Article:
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Tonight as I searched for information on another RCMP case I stumbled upon the conclusion to the case of cocaine thief RCMP Staff Sergeant Stuart Seib.
I originally wrote about Staff Sergeant Seib back in January 2012 when he claimed the coveted #9 spot on the top 25 reasons to dump the BC RCMP. That was, of course, before the BC Government renewed the RCMP policing contract. For reasons I cannot explain I never did follow up on his case so I'm happy I stumbled upon its conclusion today.
I probably could have written the judge's ruling for him given how judges rule on criminals with a yellow stripe down their legs these days. Alas the good judge did not disappoint.
It doesn’t even come as a shock any more when RCMP criminals are protected and serve no jail time. Had any mere citizen stolen cocaine from a police lockup and snorted it they would not be handled with such kid gloves. No, they would serve a lengthy spell behind bars, just as they should.
Police who commit crimes ought to be held to a higher standard, not lower. We expect more from the men and women who don the hallowed Red Serge. Or at least we ought to expect more. For reasons beyond my comprehension our judicial system does not see it that way. Time after sickening time judges slap RCMP criminals on the wrist, simply say, “Bad dog” and release them back into society as if they’ve done no wrong at all.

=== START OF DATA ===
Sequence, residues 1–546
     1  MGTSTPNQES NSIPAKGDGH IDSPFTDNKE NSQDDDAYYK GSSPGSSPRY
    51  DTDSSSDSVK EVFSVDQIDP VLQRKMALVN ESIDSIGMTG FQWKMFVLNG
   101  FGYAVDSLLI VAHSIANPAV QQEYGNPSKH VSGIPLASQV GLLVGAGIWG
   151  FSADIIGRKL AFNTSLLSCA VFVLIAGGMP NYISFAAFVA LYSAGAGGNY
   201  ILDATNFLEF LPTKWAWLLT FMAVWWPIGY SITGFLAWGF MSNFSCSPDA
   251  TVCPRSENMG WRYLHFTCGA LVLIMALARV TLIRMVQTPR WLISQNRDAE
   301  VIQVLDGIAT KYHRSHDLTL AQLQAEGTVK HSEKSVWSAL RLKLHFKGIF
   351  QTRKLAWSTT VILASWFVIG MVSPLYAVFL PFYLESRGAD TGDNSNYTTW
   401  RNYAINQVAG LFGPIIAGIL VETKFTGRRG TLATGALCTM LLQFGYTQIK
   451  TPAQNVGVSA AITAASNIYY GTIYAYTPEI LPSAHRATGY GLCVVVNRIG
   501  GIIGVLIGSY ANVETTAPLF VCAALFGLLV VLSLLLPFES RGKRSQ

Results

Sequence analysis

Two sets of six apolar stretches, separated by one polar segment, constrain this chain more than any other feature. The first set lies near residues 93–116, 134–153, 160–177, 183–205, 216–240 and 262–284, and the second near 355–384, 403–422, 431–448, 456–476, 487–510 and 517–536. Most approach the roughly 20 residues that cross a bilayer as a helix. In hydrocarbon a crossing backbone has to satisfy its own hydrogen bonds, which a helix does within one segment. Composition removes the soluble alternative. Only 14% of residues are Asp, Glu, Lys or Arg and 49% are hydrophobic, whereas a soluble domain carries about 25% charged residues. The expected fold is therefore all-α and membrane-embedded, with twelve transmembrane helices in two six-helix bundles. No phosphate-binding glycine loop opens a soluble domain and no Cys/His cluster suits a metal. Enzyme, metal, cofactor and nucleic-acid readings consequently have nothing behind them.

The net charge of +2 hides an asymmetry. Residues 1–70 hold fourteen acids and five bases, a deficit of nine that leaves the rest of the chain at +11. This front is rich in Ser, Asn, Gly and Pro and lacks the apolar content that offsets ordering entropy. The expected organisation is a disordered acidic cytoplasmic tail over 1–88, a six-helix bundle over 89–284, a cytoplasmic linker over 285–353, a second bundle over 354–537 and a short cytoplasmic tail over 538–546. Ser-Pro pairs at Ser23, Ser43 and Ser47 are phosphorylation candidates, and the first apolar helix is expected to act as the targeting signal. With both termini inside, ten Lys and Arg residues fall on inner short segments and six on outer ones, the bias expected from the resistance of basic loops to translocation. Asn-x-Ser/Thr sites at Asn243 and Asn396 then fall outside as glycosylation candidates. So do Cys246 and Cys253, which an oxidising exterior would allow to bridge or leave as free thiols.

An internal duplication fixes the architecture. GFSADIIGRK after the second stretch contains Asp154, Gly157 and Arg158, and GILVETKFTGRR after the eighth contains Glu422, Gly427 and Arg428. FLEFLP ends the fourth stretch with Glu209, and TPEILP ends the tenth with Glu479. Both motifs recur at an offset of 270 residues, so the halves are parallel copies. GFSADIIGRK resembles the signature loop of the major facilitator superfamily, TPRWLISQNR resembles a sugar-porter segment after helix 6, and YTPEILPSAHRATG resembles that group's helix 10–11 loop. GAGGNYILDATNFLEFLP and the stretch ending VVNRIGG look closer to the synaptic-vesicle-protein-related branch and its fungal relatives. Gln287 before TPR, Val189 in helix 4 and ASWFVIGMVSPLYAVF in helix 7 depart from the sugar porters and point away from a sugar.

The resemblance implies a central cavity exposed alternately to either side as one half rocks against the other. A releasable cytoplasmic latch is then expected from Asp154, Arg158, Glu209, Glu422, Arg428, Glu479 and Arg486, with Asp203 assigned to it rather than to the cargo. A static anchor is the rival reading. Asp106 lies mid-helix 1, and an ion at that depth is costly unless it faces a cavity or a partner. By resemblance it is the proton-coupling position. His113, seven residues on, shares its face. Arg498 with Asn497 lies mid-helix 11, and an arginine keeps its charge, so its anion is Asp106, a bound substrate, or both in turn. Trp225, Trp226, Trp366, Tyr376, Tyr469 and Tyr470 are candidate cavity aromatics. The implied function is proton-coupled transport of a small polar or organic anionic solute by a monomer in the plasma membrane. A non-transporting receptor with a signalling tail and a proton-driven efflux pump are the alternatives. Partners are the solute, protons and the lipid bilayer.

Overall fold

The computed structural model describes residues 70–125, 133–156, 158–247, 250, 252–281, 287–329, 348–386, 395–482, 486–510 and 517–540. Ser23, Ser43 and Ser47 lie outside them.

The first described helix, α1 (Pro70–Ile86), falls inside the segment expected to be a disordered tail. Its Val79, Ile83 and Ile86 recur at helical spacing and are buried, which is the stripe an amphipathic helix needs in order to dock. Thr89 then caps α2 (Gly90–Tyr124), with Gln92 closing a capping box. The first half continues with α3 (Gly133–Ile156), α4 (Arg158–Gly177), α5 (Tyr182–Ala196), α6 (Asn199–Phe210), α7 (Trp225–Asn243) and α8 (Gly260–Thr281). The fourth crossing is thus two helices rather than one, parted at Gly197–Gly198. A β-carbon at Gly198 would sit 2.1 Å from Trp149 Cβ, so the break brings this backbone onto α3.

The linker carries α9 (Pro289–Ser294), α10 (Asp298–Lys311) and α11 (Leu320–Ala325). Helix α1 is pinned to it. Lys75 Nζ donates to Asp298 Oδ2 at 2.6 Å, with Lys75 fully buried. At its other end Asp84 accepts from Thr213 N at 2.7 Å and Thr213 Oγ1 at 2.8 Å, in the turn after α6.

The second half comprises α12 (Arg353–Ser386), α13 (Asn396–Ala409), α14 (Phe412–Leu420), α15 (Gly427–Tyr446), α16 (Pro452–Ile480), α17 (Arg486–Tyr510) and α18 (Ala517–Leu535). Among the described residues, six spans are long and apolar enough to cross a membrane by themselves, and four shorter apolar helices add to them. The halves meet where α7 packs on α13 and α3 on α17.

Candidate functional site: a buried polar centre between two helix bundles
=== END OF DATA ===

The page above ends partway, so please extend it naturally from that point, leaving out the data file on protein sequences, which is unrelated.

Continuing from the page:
Seib’s defense was, of course, to blame someone else instead of taking responsibility for his own criminal actions. This time that someone else is that gremlin who has become the go-to bad guy for cops committing crimes, Post-Traumatic Stress Disorder or PTSD.
"You know, it's something that police officers deal with all the time. And it's only now, say in the last five to 10 years that we are hearing so much of post-traumatic stress disorder with police officers," McDougall said.
We’re hearing so much about it with police officers because it’s the perfect scapegoat for cops who break the law and can’t stomach taking responsibility for their actions. Strangely enough his lawyer, Neville McDougall, had the audacity to say precisely the opposite to reporters.
"He's taken ownership of this right from the outset. He's happy to have this in his past as much as it is, and he's happy to try to move on now with his continued counselling."
I’m unsure how blaming his criminality on PTSD is taking ownership but then I’m not a fancy defense lawyer, nor do I play on on the Internet.
On the bright side Stuart Seib pleaded guilty to breach of trust and resigned from the RCMP.
On the dark side where are all the charges for theft and possession of stolen goods?
And the criminal record for his crimes? He won’t have one. The judge gave him a conditional discharge, meaning so long as he completes his community service and stays out of trouble for one year, it’s just like he never stole any cocaine at all.
How can that happen, you ask? Easy. He was an RCMP member.